Most of work is “conversation design” most of the time, for which good questions play a critical role. Questions disrupt our default ways of thinking, communicating and designing. Questions are conversational and cultural interventions that invite and entrust. Offering a solution collapses options. Offering a question opens up the space for possibilities and plurality.

These ten questions contain within them the mindsets and practices of your future organisation: psychologically safe, decentralised, equitable, agile, complexity-informed, ecologically-minded. If you want to change the mindsets that underpin organisational behaviours, consider starting with good questions. …


What I use to run my business and do my work

I welcome suggestions for

Task + knowledge management

Still figuring out an efficient knowledge management process, this situation is a hot mess.

  • FA VO (beautiful 100% recycled notebooks)
  • Google docs (meeting notes)
  • Trello (kanban)
  • Pocket (save articles)
  • Notion (wiki)

Document creation + storage

Google Workspace (docs, presentations, spreadsheets, forms and basic surveys)

Want to read this story later? Save it in Journal.

Collaborative project work

  • Google Workspace
  • Miro

I was recently reminded of this very long, very good article How to make your iPhone work with you, not against you by Coach Tony. It’s a 75-minute read, enjoy.

Since I read this article over the Christmas period of 2018, I have been slowly but surely crafting a Boring Phone.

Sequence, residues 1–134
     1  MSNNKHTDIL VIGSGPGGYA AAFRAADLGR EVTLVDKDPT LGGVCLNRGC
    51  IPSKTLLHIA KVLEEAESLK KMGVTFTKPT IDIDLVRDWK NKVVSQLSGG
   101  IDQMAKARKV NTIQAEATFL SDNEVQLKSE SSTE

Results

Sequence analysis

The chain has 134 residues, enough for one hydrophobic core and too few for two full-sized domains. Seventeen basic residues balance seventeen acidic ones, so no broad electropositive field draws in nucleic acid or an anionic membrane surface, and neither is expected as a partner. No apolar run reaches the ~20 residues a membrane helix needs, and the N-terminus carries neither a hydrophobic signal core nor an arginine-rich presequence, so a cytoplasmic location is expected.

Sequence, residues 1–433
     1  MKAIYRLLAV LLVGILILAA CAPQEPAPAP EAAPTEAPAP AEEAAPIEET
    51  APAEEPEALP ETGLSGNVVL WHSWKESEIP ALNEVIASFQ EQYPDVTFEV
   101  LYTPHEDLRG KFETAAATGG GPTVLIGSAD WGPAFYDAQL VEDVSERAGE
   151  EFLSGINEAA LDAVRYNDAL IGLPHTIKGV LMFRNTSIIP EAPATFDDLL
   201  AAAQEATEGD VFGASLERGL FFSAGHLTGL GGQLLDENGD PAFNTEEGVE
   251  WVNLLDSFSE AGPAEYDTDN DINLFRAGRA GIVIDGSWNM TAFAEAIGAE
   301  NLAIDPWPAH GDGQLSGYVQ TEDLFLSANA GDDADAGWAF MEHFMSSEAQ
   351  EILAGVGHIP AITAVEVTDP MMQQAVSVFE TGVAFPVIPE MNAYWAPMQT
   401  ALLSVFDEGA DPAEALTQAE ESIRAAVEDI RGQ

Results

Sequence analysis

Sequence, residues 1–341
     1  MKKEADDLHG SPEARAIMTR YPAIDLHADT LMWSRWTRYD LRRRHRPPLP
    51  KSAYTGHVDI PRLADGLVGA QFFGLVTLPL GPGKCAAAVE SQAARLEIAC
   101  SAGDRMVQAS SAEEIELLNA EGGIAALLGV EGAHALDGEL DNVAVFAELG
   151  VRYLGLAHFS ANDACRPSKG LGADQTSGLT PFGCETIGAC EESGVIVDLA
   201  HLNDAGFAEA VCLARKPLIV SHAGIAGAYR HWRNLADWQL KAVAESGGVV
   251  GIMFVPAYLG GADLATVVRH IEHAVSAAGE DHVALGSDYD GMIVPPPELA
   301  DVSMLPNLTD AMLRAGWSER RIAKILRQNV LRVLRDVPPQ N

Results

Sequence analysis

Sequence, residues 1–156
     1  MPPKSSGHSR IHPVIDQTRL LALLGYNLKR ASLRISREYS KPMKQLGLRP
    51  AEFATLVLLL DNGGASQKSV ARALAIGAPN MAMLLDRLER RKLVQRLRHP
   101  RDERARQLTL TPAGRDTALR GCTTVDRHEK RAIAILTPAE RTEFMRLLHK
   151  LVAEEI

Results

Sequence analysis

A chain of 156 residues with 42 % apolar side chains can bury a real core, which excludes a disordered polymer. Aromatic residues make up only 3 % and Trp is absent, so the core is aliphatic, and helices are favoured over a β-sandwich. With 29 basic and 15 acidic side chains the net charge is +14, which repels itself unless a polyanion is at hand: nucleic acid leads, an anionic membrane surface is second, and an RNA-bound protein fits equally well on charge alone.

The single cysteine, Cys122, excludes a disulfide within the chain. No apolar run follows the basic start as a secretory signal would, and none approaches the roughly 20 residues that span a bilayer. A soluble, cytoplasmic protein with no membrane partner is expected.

2018: Did most of the things in the article

2019: Deleted all social media and news apps

2020: Deleted the Gmail app. Apart from my daily walk, I now spend all day on my laptop, there is no good reason to check emails on my phone

2021: Deleted the…


About 50 small white cards with typed and handwritten words on them, on a table, with a Sharpie pen
About 50 small white cards with typed and handwritten words on them, on a table, with a Sharpie pen
My first pass at updating my values in 2020, using Lou Shackleton’s Values Cards. It’s ok to have 40 values, right?

Defining your values gives you confidence, stability, consistency and helps you to make decisions. I first defined my values when I went freelance, in May 2017, over three years ago. The end of this strange year felt like a good time to revisit my values, with the help of my wonderful coach, Lou Shackleton.

How I defined my values